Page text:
Immigration, the NHS and Landlords

By: A.C.

The Tory Conference this year does seem to have thrown up contradictory statements and promises of swingeing and radical legislation. Unfortunately, Theresa May the Home Secretary does not seem to like people who come from foreign lands and she is an old style Tory who seems anti–immigration to her core. The Guardian is quoted here as saying

“Theresa May, who 13 years ago had warned that many voters thought the Conservatives were the “nasty party”, but who now pledged to clamp down on the rights of asylum seekers, and renewed her commitment to cut net migration to below 100,000 in terms so harsh that she was widely condemned even by her allies.”

“She is on shaky ground when she claims that mass migration drags down pay and prospects for those who work in low-skilled jobs. According to the Office for National Statistics, there are 3 million non-UK-born workers employed in Britain, but there are also 28 million UK-born workers; the numbers have grown in parallel, while the proportion of economically inactive people looking for work has remained unchanged. And while the net benefit that migrants make to the economy overall is small, it is still above the OECD average.”

No doubt Mrs May and her Party members when they get ill or disabled, will manage to get private health care staffed by wholly UK-born nurses who do not have to try and earn more than £ 35,000 and do not have the threat of being repatriated to their home country for not earning enough within six years.  According to the Guardian “The Royal College of Nursing (RCN) said the change, due to come into effect in April next year, will cause chaos in the health service. Under the new rules, non-EU workers who are earning less than £35,000 after six years in the UK will be deported”.

Mrs May’s next attack on immigration is to force landlords to check that who they let their property to is legally allowed to be in the country. So if your name is even vaguely foreign, then I doubt that a landlord will let their property no matter how legal your right is to be in the country. Free movement to find work or change jobs, to different parts of the country in order to improve one’s employment grade and therefore earnings, will probably be hampered as Landlords simply refuse to let to anyone whose name sounds or looks foreign.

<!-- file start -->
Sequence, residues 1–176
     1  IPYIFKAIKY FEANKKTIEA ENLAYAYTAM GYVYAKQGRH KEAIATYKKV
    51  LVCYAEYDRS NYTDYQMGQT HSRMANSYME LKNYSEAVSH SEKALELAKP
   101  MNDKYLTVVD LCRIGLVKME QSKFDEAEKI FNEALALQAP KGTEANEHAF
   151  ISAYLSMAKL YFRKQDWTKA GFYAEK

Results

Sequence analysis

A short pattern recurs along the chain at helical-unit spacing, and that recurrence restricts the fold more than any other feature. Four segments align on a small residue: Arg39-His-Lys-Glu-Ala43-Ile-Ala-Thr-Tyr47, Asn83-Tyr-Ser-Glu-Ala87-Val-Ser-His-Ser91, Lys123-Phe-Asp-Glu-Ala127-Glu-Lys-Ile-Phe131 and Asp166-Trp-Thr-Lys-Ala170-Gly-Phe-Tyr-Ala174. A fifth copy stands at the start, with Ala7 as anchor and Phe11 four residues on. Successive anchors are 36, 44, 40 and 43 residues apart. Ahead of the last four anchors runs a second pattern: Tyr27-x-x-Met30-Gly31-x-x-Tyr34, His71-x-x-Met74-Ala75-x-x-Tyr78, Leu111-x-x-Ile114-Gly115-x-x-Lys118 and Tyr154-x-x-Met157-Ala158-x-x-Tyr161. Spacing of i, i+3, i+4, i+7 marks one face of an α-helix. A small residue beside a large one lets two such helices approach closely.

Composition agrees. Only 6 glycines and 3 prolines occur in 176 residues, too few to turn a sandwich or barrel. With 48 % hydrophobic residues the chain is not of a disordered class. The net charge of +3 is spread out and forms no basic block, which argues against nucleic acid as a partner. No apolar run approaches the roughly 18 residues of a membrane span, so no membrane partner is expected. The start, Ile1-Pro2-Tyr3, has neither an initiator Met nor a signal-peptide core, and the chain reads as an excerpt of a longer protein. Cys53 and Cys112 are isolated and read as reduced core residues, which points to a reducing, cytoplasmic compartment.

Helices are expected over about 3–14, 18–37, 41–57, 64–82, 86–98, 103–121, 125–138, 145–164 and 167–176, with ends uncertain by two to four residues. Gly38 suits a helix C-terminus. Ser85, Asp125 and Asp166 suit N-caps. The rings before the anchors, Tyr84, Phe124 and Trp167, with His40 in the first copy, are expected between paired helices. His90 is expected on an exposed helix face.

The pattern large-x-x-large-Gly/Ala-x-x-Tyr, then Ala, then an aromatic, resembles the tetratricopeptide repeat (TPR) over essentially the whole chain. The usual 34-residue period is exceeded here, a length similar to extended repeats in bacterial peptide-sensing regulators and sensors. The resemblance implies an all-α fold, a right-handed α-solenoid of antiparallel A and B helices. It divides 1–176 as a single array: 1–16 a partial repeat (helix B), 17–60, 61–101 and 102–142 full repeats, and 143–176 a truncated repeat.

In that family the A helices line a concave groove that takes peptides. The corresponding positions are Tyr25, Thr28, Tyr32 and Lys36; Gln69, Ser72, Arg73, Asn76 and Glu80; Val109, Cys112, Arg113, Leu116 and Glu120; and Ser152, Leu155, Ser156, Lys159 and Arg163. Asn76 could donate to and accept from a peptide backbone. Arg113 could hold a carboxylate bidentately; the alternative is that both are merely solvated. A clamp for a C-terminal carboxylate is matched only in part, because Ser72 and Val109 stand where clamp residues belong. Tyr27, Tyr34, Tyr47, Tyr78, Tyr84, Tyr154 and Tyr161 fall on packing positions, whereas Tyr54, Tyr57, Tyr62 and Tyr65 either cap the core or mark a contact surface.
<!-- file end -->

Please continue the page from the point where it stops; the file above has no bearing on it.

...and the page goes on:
However, Russian Oligarchs or other corrupt foreign millionaires with dubious fortunes gained by unknown means, will still be laundering their cash in London Property thus forcing up the property prices.

These billionaires are of course welcomed by the Government, but I doubt that any of them would have the capacity or compassion to work in the NHS and have to stay in over-priced sub–standard accommodation.

I have been trying to envisage what would happen if one of the folk in the “ Vulnerable Persons Relocation Scheme” ( VPR) transported to the UK from the Lebanon or Jordan refugee camps, and if they are vulnerable or disabled surely that would mean housing in a converted or adapted house? The BBC state:

“People brought to Britain under VPR have been granted Humanitarian Protection, a status normally used for people who “don’t qualify for asylum” but would be at “real risk of suffering serious harm” in their home country.

They can stay for five years, have the right to work and access public funds. After five years they can apply to settle in the UK.

Mr Cameron told MPs many of those to be given sanctuary would be children, describing it as the “modern equivalent of the Kinder transport” during World War Two. The UN High Commissioner for Refugees would be responsible for identifying those most in need, with all those considered for resettlement to be subject to security checks”.

He/she will have a hard time moving for work. Then of course after five years they can apply for residence, but what happens if they cannot get earnings up to £35,000 in the next six years? That would probably be followed by IDS’ removal of benefits or public funds, and sanctioning if they cannot attend a JobCentre interview. So that would seem like deportation.

Apart from those anomalies, what happens if the Leave campaign manage to convince the public to pull the UK out of Europe? Will that mean that EU staff in the NHS who are now Non–EU, will be deported because they are not earning enough?

The whole contradictory mess is so confusing that 300 lawyers, barristers and former Judges wrote an open letter criticising the Government on their Immigration/Asylum Policy.

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